— In Search of the Castaways • Jules Verne

... career—that of plagiarism. His situations, and sometimes his language, were stolen from Goethe, Scott, etc., etc. His next play was entitled Henry III., and was brought out under the protection of the duke of Orleans. It was very successful, and he received for it the sum of fifty thousand francs. It was, like the play which preceded it, filled with stolen passages and scenes, but this did not detract from its success. He now left his humble lodgings and took up his residence in the Rue de l'University, where ...
— Paris: With Pen and Pencil - Its People and Literature, Its Life and Business • David W. Bartlett

... with disaster in Cataract. In each case they were on the verge of starvation. Hite kept a record of all known parties who had attempted the passage through the canyons above. Less than half of these parties, excepting Galloway's several successful trips, succeeded in getting through Cataract Canyon without wrecking boats ...
— Through the Grand Canyon from Wyoming to Mexico • E. L. Kolb

... notorious forms of corruption among the clergy will be necessary to an understanding of the various heresies or revolts against the Church. These began seriously to threaten its power in the twelfth century and culminated in the successful Protestant revolt of the sixteenth. The vices of the clergy serve to account also for the appearance of the begging monks, the Franciscans and Dominicans, and to explain the need of the great reform which they undertook ...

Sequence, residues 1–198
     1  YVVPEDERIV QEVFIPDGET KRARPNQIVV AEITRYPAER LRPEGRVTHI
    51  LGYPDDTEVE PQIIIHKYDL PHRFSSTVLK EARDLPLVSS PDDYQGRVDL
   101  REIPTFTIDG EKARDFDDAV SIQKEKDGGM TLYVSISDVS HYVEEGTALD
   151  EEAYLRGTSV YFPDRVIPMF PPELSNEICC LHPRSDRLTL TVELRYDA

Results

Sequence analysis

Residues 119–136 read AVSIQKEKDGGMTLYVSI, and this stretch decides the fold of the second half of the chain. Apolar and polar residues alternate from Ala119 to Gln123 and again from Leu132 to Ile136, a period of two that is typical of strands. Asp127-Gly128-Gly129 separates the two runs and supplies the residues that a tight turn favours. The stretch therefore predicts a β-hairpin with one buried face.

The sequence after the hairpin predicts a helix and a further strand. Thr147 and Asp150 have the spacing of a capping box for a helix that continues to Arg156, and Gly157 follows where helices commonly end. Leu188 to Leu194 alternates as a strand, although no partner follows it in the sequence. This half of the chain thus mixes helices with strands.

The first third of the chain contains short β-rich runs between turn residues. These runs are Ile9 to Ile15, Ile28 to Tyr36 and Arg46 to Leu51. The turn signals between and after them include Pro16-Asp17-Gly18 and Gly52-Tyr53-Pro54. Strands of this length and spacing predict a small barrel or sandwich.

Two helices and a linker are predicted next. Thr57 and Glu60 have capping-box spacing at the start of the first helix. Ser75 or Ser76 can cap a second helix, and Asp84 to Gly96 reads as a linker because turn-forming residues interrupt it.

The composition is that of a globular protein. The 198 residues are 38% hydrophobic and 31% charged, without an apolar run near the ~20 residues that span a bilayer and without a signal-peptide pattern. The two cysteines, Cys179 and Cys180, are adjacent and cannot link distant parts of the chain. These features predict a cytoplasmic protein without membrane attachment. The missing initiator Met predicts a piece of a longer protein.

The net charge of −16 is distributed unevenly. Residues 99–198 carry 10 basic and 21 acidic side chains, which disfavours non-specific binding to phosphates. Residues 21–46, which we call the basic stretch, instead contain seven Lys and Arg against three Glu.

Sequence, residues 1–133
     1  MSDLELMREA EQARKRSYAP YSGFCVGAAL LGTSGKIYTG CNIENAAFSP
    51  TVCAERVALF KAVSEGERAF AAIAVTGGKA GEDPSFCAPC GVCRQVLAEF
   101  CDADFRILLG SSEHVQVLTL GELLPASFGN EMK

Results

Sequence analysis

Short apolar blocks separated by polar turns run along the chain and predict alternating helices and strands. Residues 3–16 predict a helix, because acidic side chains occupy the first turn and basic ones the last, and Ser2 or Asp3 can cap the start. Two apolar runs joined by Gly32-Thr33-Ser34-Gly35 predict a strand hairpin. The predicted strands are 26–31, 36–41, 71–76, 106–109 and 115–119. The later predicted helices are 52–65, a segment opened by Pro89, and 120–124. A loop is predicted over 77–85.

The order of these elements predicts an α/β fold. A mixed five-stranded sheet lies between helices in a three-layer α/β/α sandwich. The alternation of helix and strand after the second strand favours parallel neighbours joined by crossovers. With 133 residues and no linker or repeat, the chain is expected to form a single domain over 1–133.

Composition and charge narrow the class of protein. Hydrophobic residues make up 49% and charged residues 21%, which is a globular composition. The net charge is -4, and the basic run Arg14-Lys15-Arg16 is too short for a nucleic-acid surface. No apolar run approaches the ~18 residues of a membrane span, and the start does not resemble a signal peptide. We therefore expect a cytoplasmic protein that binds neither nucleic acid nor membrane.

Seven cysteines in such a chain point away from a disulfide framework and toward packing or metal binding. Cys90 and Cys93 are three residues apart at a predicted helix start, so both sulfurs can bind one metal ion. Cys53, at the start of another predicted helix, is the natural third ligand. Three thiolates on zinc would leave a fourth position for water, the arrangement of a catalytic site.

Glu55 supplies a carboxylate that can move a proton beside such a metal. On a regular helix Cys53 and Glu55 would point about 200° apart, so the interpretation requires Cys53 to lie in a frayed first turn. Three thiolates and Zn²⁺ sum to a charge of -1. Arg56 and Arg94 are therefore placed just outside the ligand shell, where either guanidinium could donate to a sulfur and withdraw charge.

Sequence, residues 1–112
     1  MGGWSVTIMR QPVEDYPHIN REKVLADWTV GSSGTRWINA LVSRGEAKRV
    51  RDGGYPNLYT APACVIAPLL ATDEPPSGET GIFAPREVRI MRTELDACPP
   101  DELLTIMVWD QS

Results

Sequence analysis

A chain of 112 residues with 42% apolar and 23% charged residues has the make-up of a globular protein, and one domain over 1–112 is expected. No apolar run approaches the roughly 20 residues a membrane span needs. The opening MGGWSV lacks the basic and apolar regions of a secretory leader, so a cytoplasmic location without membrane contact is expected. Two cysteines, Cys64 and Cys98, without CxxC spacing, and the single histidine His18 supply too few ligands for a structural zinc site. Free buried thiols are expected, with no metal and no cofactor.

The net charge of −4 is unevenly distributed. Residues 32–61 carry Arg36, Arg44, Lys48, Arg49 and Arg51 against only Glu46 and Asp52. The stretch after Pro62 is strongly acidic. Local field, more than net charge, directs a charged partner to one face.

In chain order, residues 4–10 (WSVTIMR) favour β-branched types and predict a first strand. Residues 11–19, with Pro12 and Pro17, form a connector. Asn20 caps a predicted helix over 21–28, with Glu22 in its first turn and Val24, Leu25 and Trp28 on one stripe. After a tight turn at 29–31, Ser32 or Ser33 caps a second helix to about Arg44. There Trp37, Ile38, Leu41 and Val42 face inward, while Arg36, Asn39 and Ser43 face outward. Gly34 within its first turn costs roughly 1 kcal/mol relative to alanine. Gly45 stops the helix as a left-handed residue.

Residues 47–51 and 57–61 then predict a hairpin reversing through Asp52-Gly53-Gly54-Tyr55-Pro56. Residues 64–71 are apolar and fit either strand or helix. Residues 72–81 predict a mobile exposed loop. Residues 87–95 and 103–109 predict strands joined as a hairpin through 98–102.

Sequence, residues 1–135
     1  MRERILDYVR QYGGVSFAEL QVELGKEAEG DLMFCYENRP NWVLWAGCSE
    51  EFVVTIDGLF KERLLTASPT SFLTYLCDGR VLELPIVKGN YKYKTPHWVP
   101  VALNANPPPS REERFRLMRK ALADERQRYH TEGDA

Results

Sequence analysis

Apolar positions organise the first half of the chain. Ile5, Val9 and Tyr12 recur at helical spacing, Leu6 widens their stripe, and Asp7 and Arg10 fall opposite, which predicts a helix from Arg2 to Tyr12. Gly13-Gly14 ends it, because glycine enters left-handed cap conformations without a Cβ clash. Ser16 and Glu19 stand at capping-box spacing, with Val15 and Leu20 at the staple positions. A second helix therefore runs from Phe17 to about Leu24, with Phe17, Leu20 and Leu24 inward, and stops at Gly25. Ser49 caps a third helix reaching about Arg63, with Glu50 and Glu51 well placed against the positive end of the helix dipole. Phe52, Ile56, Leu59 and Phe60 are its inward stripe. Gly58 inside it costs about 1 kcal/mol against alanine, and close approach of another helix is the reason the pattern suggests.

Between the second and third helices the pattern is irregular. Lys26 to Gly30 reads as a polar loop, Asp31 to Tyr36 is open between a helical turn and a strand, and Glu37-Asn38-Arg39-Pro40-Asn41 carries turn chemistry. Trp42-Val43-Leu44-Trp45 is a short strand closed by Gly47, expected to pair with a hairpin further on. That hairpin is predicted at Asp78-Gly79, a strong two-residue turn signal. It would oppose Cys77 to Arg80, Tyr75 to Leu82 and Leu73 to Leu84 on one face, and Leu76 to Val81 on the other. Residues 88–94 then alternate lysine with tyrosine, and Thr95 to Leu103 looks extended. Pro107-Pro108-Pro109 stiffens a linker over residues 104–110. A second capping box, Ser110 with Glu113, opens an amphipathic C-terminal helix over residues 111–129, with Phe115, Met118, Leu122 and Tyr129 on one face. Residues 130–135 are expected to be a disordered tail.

— An Introduction to the History of Western Europe • James Harvey Robinson

... the first person who has wanted to turn night into day," said Mr. Hildreth calmly. "It's lucky for some of us that you're not successful. If we had to keep an eye on you all night, Sarah, as well as during the waking hours, think how ...
— Rainbow Hill • Josephine Lawrence